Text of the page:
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The Road to Worlds: an in-depth look at Origen

by theScore Staff Sep 27 2015
Thumbnail image courtesy of EU LCS / LCS Screengrab

A chance to start over always has a hint of appeal. After a disappointing 2014 World Championship showing, Enrique "xPeke" Cedeño Martínez left Fnatic, a team he’s been with since May of 2011, and chose to start his own brand at Origen.

The team wasn’t all new, as he brought top laner Paul “sOAZ” Boyer along with him. Both solo laners found out change is good when they nearly managed to best their old roots in the 2015 EU LCS Playoff final against Fnatic. Despite being third seed, if Fnatic are the favorites of Europe, Origen are the undisputed second place.

With a tough group, few have predicted they’ll make it far, but their chances aren’t hopeless. xPeke and sOAZ could find themselves in the same spot they were last year, but it’s impossible to take away from Origen’s accomplishments.

The road so far

After announcing the formation of Origen, xPeke told fans that he knew at the time which players he wanted. Following the expiration of his ban from competitive play, Alfonso "mithy" Aguirre joined Origen as support. He had come from Lemondogs the year before, and his reputation preceded him. Jesper “Niels” Svenningsen joined him in the bottom lane as a rookie AD carry about whom praises were already written.

xPeke also revealed the addition of German jungler Maurice “Amazing” Stückenschneider, previously of Copenhagen Wolves and Team SoloMid. xPeke added that he trusted all three of them completely.

Not long after, sOAZ joined the team officially. Ladder watchers had spotted him playing with the Origen ranked team beforehand, and his addition following his departure from Fnatic was expected. Many criticisms had surrounded sOAZ’s performance at the 2014 World Championship in particular after their disappointing second loss to OMG.

When four established figures joined the European Challenger Series, it was with mixed expectations. The Ninjas in Pyjamas roster with a similar quantity of big names had had high hopes to qualify for the European LCS in 2014 and had failed to make the cut. Carlos "ocelote" Rodríguez had previously left his own flagship organization, SK Gaming, and had no success with his Gamers2 team before he stepped down from a starting position.

Still, sOAZ and xPeke had achieved legendary status and maintained glimmers of high form even when many conceded they had not performed the best recently. Amazing came from a successful period in North America. mithy had turned Lemondogs around in 2013. At least in the Challenger Series, Origen were expected to dominate.

Origen lost two games in their Challenger Series: one to LowLand Lions, and one to Reason Gaming in the playoffs. They had a few hiccups in strategy, but otherwise overpowered the opposition.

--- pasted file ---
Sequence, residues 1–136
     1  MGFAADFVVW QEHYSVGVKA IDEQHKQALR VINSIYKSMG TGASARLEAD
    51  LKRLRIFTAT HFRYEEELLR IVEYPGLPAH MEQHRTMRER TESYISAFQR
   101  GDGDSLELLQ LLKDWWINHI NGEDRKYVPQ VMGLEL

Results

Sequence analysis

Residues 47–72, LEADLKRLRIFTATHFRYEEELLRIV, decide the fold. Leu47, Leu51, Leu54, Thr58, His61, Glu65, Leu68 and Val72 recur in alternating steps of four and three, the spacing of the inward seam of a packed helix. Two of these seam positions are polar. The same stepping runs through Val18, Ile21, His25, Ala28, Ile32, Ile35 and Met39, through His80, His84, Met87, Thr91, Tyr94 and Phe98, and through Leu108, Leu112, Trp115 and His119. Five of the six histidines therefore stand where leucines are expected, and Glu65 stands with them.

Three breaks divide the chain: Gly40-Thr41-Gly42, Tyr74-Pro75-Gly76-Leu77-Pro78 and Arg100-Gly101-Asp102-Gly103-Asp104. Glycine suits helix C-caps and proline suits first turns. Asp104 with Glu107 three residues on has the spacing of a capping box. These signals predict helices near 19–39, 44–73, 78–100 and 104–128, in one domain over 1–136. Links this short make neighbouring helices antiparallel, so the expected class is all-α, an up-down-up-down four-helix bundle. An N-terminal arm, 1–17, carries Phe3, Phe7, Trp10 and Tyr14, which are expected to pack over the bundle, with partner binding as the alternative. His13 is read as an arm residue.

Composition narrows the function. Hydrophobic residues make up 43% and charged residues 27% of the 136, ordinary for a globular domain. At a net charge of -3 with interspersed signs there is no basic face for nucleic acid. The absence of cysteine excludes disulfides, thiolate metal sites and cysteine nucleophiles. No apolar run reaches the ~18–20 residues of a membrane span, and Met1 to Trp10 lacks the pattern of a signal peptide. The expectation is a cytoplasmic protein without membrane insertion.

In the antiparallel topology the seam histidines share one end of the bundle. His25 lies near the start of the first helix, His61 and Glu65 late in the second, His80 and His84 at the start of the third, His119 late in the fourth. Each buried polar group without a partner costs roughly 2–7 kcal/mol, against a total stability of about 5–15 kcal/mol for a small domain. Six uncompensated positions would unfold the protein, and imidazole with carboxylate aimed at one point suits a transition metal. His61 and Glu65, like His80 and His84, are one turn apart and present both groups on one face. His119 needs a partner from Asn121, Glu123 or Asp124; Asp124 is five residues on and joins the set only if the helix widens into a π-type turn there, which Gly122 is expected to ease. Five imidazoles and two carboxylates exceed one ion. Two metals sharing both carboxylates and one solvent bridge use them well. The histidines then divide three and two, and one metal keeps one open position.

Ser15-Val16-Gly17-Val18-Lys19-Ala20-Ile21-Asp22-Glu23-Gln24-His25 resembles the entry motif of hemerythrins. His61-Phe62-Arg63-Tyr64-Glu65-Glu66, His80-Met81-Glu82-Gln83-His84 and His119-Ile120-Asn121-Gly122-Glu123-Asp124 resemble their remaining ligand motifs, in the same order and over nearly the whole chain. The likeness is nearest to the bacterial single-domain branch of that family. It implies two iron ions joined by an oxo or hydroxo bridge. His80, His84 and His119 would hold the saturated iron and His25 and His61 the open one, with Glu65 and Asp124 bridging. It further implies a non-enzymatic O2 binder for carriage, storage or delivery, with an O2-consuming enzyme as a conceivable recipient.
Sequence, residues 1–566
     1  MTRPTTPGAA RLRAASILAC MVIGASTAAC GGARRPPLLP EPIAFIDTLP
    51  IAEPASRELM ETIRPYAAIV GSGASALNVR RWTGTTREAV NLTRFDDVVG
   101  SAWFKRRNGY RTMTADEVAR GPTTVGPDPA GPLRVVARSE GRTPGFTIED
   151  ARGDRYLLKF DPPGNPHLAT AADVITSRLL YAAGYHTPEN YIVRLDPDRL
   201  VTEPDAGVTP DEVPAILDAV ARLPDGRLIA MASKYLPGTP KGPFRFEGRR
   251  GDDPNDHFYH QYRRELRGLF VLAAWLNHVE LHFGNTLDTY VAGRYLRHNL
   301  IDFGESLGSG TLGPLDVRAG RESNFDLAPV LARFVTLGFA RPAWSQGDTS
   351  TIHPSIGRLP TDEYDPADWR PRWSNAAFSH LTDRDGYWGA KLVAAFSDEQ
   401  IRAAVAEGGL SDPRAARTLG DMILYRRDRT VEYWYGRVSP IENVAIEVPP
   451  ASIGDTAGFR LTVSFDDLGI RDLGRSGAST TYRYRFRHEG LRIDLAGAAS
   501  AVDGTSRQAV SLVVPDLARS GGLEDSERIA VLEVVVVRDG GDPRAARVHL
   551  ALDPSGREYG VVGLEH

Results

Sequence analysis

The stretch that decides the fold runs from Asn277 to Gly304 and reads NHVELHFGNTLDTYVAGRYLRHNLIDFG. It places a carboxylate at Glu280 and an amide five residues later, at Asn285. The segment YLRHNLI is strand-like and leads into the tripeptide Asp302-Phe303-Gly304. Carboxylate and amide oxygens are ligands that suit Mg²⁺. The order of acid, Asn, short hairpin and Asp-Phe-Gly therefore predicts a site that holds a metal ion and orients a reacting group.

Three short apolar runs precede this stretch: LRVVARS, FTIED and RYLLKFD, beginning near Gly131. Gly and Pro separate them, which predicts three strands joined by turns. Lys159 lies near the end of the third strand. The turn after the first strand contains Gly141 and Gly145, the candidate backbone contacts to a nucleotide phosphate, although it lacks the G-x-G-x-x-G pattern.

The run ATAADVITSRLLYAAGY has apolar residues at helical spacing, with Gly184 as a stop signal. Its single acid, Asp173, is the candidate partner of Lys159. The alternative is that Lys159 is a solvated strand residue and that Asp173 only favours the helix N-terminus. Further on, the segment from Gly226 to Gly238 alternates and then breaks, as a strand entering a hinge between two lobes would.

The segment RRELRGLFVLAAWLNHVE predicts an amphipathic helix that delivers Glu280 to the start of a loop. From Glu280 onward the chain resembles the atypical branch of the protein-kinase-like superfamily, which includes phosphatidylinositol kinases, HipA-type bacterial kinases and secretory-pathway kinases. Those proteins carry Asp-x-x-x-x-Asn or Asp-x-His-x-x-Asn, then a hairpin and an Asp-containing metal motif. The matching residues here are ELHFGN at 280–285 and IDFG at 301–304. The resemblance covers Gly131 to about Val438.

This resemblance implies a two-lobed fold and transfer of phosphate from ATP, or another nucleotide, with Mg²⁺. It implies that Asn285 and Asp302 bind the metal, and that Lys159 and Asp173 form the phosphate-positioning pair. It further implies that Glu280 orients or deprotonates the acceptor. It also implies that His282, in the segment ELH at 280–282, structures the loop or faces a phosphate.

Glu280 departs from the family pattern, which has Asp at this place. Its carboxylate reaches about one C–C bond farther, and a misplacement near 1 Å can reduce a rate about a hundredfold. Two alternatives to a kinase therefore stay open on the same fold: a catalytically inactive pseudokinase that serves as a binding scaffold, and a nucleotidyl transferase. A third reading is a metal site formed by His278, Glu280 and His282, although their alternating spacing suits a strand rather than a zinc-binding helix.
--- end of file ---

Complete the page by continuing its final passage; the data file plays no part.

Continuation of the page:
Especially with two losses, no one quite knew how Origen would perform in the European LCS. The team have all attested that they set a conservative goal of making top six Summer LCS and attending the Playoffs. Caster Martin “Deficio” Lynge remembers Origen’s entry into the LCS as one of his best memories this split.

“Okay, this team stomped through the Challenger Scene, but did they have any competition? Are they really that good, or is it just weaker teams that they're facing? They came in, and after three weeks they just shut us up completely. They destroyed every single game. It was such a powerful performance from them. That was a big eye-opener.”

I personally remember the second game of the first week of the split between Origen and H2K. Niels in particular stood out on Vayne, and Origen made it clear that they had designed the team to give him the resources to succeed. They simply ran over H2K.

Still, I wasn’t incredibly impressed with Origen until later on. Many began parroting the mantra that “Origen are the brawn team; Origen overpower in mechanics, but have no sense of strategy.” I stopped saying that when Origen faced Unicorns of Love at the start of Week 3 and took advantage of the multi-Tear of the Goddess strategy much better than most teams had up until that point by understanding power spikes.

It was easy to see where flaws in Origen’s strategy stood out. Origen became overwhelmed in 1-4s with sOAZ occasionally pushing out the wrong lanes or the team grouping too long away from objectives. Amazing occasionally got caught out. Some of their drafting didn’t appear as clean as it could have been. They struggled more than H2K in lane swaps initially and lost Barons to Fnatic.

Perhaps because of their roots in starting from scratch to try to find something better, Origen seemed to understand the concept of necessary change better than other teams. They tried a wide variety of compositions. For example, sOAZ brought Fizz to Europe before other top laners. Globals became a boon. They played slower or faster games.

Origen never quite grasped lane swaps fully, but they could adapt to other meta changes quickly. Amazing and mithy began roaming as a duo more often. Their drafting tightened up. sOAZ took a handle on Gangplank and his counters before other European top laners and ended the season with the best Gangplank performances internationally.

Especially in playoffs, Origen looked like a different team. The synergy between Amazing and mithy meant the jungle belonged to Origen. sOAZ improved his impact over time. Going into the EU LCS finals, a few predicted Fnatic might lose a game to “Fnatic Black.”

The first game of the European LCS finals stands out as likely the crispest performance by a European team all summer. Origen dove properly, overwhelmed Huni, and abused mid game Trinity Force power spikes to amass leads. They then out-rotated Fnatic to roll them out of their own base and take a quick game. Following the loss, Fnatic jungler Kim "Reignover" Yeujin confessed the team had expected to at least lose a game, but that they had not expected the game to be that one-sided.